Organizing Notes

Bruce Gagnon is coordinator of the Global Network Against Weapons & Nuclear Power in Space. He offers his own reflections on organizing and the state of America's declining empire....

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Location: Brunswick, ME, United States

The collapsing US military & economic empire is making Washington & NATO even more dangerous. US could not beat the Taliban but thinks it can take on China-Russia-Iran...a sign of psychopathology for sure. We must all do more to help stop this western corporate arrogance that puts the future generations lives in despair. @BruceKGagnon

Tuesday, November 14, 2006


In June 2005, President Bush and Indian Prime Minister Singh signed a nuclear agreement that set the groundwork for the sharing of nuclear technology and fuel with India. By providing India with nuclear fuel under the agreement, the U.S. would free India’s domestic uranium deposits for use in production of more nuclear weapons. India is a known nuclear weapons state that conducted nuclear testing most recently in 1998, and has not signed the Non-Proliferation Treaty (NPT), a treaty controlling the spread of nuclear weapons and signed by 187 countries.

Before the deal can be finalized, Congress must amend the Atomic Energy Act to allow the U.S. to enable nuclear cooperation with India without requiring India to sign the NPT or give up production of nuclear bomb making materials. The House passed legislation on July 26, 2006 allowing the deal to proceed while the companion bill in the Senate has not been voted on. Maine Democratic Party Congressmen Tom Allen and Mike Michaud voted in favor of the House bill that passed by a margin of 359-68. Most progressive members of Congress voted against it. (Tom Allen has publicly stated that the U.S. must help India expand its nuclear industry in order to deal with global warming.)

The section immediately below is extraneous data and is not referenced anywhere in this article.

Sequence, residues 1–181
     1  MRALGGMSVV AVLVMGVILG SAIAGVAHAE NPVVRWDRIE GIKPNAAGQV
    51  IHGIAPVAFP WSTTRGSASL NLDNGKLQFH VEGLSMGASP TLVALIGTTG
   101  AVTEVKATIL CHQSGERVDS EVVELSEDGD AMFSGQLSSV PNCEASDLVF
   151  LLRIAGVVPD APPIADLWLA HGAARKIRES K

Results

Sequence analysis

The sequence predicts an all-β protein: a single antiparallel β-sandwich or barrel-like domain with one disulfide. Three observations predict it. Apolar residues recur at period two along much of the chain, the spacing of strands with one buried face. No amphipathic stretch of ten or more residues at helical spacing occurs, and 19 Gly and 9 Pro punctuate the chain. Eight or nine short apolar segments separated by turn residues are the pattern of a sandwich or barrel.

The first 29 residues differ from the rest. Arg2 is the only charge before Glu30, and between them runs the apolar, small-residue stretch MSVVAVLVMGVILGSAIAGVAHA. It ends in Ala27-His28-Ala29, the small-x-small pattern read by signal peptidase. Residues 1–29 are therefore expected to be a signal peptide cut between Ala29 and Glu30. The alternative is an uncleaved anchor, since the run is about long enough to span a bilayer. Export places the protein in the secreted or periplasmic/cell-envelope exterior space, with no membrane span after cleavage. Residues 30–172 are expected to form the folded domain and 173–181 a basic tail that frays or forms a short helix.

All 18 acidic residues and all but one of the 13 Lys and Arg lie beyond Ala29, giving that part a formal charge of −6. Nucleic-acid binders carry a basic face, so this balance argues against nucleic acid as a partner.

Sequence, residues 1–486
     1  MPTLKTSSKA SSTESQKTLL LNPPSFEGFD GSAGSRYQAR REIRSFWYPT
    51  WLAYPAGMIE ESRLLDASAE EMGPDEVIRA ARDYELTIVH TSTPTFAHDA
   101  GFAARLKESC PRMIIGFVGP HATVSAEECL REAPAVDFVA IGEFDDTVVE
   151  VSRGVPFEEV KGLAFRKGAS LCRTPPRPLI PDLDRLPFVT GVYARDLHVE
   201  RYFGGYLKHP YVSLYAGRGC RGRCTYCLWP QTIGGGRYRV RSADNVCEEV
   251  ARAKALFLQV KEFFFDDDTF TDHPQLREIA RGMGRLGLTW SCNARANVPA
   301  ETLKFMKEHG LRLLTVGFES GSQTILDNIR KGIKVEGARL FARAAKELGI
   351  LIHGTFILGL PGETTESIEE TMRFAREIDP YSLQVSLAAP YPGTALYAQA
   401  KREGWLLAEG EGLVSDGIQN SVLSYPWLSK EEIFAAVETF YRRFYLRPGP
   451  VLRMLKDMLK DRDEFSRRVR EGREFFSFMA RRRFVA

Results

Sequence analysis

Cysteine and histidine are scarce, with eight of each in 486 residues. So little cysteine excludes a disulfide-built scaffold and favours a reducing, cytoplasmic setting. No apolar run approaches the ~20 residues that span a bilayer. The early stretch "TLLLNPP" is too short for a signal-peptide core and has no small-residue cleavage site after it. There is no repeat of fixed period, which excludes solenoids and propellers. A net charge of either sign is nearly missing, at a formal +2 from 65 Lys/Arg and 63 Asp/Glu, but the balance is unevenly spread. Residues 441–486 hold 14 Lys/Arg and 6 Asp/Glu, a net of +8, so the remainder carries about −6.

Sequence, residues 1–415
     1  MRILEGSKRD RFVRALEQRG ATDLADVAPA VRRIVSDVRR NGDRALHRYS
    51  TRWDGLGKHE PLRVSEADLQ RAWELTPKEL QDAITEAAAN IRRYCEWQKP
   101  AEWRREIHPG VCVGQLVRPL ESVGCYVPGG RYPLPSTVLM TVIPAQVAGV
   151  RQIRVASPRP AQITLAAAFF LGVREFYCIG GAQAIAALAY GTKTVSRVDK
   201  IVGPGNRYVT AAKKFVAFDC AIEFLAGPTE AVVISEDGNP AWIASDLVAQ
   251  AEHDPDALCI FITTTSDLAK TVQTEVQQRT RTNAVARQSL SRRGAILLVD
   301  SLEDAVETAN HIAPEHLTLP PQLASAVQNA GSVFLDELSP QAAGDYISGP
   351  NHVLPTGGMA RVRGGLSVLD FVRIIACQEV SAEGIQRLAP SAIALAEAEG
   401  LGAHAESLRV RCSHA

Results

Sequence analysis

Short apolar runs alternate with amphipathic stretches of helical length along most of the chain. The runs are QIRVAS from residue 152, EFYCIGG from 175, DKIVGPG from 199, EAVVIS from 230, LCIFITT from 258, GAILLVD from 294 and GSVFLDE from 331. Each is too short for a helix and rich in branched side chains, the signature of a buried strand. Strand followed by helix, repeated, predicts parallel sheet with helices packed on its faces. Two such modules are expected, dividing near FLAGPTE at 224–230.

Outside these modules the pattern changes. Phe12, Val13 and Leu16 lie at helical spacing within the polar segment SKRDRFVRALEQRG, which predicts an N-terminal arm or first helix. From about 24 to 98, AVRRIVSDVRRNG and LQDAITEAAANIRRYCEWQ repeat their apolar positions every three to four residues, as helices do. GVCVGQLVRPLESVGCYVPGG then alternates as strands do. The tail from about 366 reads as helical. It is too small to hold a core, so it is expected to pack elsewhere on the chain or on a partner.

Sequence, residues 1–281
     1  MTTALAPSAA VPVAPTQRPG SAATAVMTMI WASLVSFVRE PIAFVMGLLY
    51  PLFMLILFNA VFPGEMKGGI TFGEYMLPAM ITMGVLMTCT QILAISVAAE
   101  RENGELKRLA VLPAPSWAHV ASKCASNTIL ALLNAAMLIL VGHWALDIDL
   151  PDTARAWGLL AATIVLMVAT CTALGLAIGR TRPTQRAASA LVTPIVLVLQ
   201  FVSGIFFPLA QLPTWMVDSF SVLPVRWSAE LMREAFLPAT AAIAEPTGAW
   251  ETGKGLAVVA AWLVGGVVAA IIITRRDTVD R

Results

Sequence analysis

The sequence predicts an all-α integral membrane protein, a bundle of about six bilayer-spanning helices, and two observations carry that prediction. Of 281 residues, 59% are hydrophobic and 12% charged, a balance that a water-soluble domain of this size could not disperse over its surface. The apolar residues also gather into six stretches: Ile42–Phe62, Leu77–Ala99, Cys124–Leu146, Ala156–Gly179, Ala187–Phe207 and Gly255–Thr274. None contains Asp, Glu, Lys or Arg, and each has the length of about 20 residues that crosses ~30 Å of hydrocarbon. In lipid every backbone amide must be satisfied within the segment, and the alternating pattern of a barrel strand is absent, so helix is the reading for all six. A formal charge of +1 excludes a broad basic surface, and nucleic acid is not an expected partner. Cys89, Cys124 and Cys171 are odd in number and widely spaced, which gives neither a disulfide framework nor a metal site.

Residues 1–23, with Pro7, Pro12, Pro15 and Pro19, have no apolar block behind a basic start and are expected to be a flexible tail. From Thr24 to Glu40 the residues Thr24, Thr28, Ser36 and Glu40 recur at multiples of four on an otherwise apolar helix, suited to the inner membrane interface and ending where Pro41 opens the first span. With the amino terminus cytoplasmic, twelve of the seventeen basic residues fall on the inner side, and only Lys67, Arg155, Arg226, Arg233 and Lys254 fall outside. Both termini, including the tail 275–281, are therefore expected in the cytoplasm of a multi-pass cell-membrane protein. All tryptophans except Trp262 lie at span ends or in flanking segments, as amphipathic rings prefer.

Everywhere Mary Beth Sullivan and I went during our recent speaking tour in India our peace activist hosts were talking about this nuclear deal. While the U.S. is condemning North Korea and Iran for pursuing nuclear weapons, the White House is offering to supply India with nuclear fuel that would enable them to build as many as 30-40 more nukes a year. They could not understand why the American peace movement was not more aware of the bill that will dramatically increase nuclear tensions in Southern Asia, already a flashpoint for nuclear war as Pakistan and China will be forced to respond to India’s nuclear expansion. It became clearer to me that the U.S. intends to use India as a “military outpost” in its aggressive attempt to surround and “manage” China in the years ahead. The U.S. weapons industry is arming Pakistan and India, playing divide and conquer in the region, and making enormous profits in the process from the resulting arms race.

The New York Times, wrote on March 7, 2006, "The nuclear deal that Mr. Bush concluded with India threatens to blast a bomb-size loophole through the nuclear Non-Proliferation Treaty. It would have been bad enough on its own, and disastrously ill timed, because it undercuts some of the most powerful arguments Washington can make to try to galvanize international opposition to Iran's nuclear adventurism..."
On why nuclear cooperation was given precedence over all other bilateral issues, one Indian diplomat has said, "If the nuclear issue was not resolved, India's space, defence and high-technology industry would not get huge investments. No multinational will invest in India if U.S. laws do not permit it. That unresolved issue was poisoning the entire trade system between India and the U.S.! It was the roadblock to India's knowledge power."

"This nuclear bill is not about nuclear technology or about selling some US reactors to India," the diplomat said. "The U.S. is buying a relationship and in the process India's strategic interest is being served. It will also help the Indian economy to grow by 10 per cent."

When Congress comes back to Washington for the short lame duck session in January, the administration is pushing the Senate to take up the U.S.-India nuclear deal.

The U.S. should develop a consistent position on nuclear weapons. We should not help other countries develop nukes and we should honor the NPT and get rid of our own.
We should also not be spreading nuclear technology - civilian or military around the world. If India wants to increase their ability to provide electricity for their country, they should expand the development of solar power. India gets lots of sunshine.
Please use the link in the headline above to contact your senators in Washington right away and urge them to vote NO on the U.S.-India Nuclear Deal.


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